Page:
Battling breast cancer takes an excruciating toll from loss of hair to coping with a lumpectomy or complete mastectomy. Last year, approximately 109,000 women across the country had reconstructive surgery at the end of their cancer treatment. Another 290,000 American women received implants for breast enlargements, according to the American Society of Plastic Surgeons.
Take a minute and consider all the cosmetic products you roll, rub, brush and apply on or into your skin. You probably assume these products are completely safe, considering the fact that they are for sale and the directions might even say to "apply liberally" or "use then repeat," and perhaps there's even a note that the product is "safe for everyday use."
When we go to the store to buy something for our kids, we generally expect that whatever product we buy will be safe. Consumers have this expectation because products like toys, food and appliances are generally tested and must meet various standards before reaching the marketplace. Unfortunately, this doesn't always happen.
When you purchase a used vehicle, a Carfax report will tell you if the vehicle was in a wreck. But what it won't tell you is whether the car has a Takata air bag.
Wetness and odor are not topics of everyday conversation. For decades, women have used talcum powder to control both. Johnson & Johnson markets a range of products that use talcum powder for this purpose. One of these, marketed as Shower to Shower, comes in different scents and formulations for sport use.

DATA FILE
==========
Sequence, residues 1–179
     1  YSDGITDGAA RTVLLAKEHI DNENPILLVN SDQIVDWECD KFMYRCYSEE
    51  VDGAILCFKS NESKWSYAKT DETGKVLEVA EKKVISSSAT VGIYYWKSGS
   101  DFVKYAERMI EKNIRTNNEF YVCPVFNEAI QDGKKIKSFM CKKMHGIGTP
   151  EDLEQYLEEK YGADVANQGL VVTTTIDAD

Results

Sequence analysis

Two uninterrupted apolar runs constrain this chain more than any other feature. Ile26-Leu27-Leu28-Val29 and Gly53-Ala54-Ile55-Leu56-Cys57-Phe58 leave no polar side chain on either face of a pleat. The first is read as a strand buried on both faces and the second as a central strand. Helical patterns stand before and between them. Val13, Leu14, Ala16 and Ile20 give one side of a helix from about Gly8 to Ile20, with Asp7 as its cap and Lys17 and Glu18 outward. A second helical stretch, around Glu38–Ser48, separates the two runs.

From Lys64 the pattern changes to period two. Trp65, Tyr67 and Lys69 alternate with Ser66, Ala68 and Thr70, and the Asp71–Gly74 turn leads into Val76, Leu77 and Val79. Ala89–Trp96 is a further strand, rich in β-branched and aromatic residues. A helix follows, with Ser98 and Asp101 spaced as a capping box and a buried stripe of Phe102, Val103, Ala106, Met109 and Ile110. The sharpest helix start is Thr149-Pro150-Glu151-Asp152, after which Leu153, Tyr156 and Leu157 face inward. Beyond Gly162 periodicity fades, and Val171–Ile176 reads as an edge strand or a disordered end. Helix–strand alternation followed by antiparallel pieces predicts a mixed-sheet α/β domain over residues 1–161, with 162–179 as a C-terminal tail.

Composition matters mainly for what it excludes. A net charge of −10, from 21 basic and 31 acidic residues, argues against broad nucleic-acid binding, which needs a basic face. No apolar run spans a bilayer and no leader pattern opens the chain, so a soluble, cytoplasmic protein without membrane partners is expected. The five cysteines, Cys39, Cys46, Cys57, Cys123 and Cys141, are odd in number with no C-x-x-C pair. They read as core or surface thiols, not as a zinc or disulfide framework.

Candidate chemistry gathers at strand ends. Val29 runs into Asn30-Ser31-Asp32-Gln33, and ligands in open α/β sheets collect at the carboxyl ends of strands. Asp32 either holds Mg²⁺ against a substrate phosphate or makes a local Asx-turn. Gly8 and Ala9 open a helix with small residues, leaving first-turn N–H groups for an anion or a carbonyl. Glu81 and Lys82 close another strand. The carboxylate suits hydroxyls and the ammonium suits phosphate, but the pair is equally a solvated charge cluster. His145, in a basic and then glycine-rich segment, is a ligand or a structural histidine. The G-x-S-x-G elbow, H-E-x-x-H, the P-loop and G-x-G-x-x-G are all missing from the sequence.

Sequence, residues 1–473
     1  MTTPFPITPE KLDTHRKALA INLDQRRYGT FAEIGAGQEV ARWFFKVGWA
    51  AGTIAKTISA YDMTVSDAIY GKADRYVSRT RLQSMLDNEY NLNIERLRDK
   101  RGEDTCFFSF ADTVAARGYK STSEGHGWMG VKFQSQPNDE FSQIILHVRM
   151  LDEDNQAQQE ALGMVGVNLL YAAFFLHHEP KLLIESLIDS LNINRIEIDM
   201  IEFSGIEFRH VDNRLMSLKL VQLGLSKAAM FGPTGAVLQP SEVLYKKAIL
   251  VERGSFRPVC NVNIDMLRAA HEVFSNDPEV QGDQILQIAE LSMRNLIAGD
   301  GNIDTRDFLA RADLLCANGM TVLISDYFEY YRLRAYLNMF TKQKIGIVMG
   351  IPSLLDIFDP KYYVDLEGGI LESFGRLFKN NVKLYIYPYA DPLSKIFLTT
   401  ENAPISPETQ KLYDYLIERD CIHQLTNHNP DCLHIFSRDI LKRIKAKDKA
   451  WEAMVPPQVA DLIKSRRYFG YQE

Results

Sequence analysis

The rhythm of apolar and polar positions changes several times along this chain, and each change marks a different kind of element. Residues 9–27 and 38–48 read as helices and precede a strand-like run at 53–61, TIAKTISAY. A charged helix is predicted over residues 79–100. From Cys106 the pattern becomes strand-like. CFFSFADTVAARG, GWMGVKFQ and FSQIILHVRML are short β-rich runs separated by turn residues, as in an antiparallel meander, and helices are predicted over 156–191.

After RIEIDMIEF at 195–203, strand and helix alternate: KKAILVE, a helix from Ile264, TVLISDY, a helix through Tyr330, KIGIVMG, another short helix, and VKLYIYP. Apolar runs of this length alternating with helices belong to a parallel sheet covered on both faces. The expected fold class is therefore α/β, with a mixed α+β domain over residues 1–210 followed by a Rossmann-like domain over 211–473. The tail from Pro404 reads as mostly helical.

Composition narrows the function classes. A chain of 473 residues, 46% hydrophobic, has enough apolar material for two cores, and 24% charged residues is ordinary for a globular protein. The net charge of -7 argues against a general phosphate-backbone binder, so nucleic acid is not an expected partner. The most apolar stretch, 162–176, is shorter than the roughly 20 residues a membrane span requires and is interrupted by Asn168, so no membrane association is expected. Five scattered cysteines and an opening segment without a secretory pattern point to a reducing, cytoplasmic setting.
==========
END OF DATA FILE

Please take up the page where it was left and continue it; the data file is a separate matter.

Morcellators are medical devices used during a handful of medical procedures, mostly hysterectomies, myomectomies and the surgical removal of fibroids or noncancerous growths in the uterus. Morcellators have rapidly spinning blades that cut tissue into pieces that can be removed from the body through tiny slits made during minimally invasive surgery. Using them to cut out benign tumors which are hiding malignant cells can cause advanced stage cancer. Where there is undetected cancers, morcellators spray malignant cells around the inside the abdomen like seeds, speeding the progression of the disease.
Bungee cords are inherently dangerous. They contain great amounts of stored energy, and when released can strike a person's eye at 200 mph. Bungee cords are a leading causes of eye injury. Bungee cords are often designed and built in an unsafe manner. The hooks either straighten out, come loose, detach from the cord, or the cord can break. Injuries to the eye include bleeding within the eye, lacerations to the eye, traumatic cataracts, and tearing or detachment of the retina from the back of the eye. Bungee cord accidents have resulted in loss of the eye itself and even death.
The federal government sued Trinity Industries claiming that it fraudulently and secretly modified its guardrails which posed an added threat to drivers. The jury returned a verdict of $175 million. The rail head is a flat piece of steel at the front of the guardrail that, on impact, is supposed to glide along the rail and push the metal safely out of the way. Years ago, Trinity narrowed the channel behind the head from five to four inches without notifying the Federal Highway Administration. The shortening of the rail head is suspected to make them jam and fall off on impact, causing the rail to pierce a vehicle. People have become impaled by the metal.
In September 2012 there was an outbreak of fungal meningitis caused by contaminated batches of a steroid made by the New England Compounding Center in Framingham, Mass which was used to inject near the spine to treat chronic back pain. 620 people in 19 states have become ill, most with spinal meningitis. 39 people died.